Crowdfunding

Crowdfunding is a relatively new phenomenon that has started to become more mainstream after a change of regulation in 2016 by the SEC to allow non-accredited investment in private companies. Crowdfunding is typically done to supplement efforts to an offline fundraise and a way to both market your opportunity to a wider base as well as directly raise funds. These platforms offer the flexibility of either a straight equity raise or a convertible note.


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This is content from our partner, which originally ran on The Cannon.


via thecannonhouston.com

The Cannon's new building is 88 percent leased and ready for move in. Courtesy of The Cannon

The Cannon is finally getting to move its 150 startups and partners into its 120,000-square-foot campus in West Houston.

The original plan was to open in March, but construction, which began in April 2018, faced a series of setbacks due to weather. Current grand opening celebration plans are expected to be in September.

The flagship building is just the first step developing the campus, which is dubbed the Founders District.

"Our team has worked tirelessly to build this community over the past eighteen months, and we are incredibly proud to see our vision coming to life with the completion of this building," says The Cannon's CEO Lawson Gow in a news release. "The work isn't over though, and The Cannon will continue to grow our network of resources and locations to cater to the needs of Houston's growing entrepreneurial community." (Gow is the son of David Gow, owner of InnovationMap's parent company Gow Media.)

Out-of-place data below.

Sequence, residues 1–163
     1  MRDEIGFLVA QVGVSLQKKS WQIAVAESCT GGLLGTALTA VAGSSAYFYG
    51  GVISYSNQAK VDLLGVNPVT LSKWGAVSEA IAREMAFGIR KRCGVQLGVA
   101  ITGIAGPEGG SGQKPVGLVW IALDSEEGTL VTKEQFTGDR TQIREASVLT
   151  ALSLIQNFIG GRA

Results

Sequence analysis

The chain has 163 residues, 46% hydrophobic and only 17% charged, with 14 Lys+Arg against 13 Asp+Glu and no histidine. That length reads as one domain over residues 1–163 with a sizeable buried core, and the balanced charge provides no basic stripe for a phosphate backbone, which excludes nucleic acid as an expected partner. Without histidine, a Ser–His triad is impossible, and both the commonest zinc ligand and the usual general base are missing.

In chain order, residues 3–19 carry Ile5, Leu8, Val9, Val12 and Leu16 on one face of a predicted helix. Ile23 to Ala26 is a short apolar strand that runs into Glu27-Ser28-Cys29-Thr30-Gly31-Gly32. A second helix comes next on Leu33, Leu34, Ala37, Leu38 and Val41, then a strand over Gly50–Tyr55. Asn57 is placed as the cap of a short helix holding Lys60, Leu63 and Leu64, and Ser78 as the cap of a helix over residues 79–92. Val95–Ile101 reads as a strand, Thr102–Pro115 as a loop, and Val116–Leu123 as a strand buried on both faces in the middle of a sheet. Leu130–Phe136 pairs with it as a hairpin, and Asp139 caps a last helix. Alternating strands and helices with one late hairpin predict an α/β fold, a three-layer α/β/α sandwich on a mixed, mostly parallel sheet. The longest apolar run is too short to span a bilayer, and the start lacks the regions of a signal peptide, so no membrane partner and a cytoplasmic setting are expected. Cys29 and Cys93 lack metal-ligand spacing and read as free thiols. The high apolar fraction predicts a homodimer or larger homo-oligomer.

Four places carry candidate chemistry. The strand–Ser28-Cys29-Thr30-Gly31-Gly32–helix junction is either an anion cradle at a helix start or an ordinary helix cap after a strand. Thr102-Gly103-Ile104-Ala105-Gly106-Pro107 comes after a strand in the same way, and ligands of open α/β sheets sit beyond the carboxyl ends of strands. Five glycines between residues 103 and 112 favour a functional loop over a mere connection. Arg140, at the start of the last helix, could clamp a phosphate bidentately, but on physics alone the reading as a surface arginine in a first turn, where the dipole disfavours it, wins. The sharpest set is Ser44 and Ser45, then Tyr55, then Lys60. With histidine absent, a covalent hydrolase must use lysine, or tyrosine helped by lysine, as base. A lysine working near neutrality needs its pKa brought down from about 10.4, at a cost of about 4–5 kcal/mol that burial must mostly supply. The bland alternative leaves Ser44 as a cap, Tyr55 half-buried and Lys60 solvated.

The building is currently 88 percent leased. Cannon Ventures, the company's investor group, will operate out of the new building, as will Capital Factory's Houston outpost. Austin-based Capital Factory, a statewide startup accelerator announced it would have its Houston operations at The Cannon in May. Since then, the company hired two Houston-based employees to run the programming.

According to the release, The Cannon will continue to grow its community relations for a "full suite" of partners. Houston-based investment fund Work America Capital, which led The Cannon's initial fundraising round, will also be joining The Cannon's community in the new building.

"It has been incredible to watch The Cannon's exceptional growth from inception two years ago to the vibrant community they've built today," says Mark Toon, managing partner of Work America Capital, in the release. "We can't wait to see the progress first-hand as The Cannon continues to establish themselves as a leader in building entrepreneurial communities."

The Cannon previously operated out of a 20,000-square-foot adjacent building called "The Waiting Room," which will be torn down and the space will be used as a part of the bigger Founders District plan.

The Cannon's new space will feature:

  • A 16-TV video wall
  • Outdoor courtyard
  • Movie theater
  • Snacks, coffee, and beer
  • Office needs, such as printers, scanners, and mail services
  • Showers
  • 24/7 accessibility
  • Professional and social events are organized on an ongoing basis for the community
  • Private event hosting for both members and non-members

Spacious setting

Courtesy of The Cannon

The Cannon is currently 88 percent leased.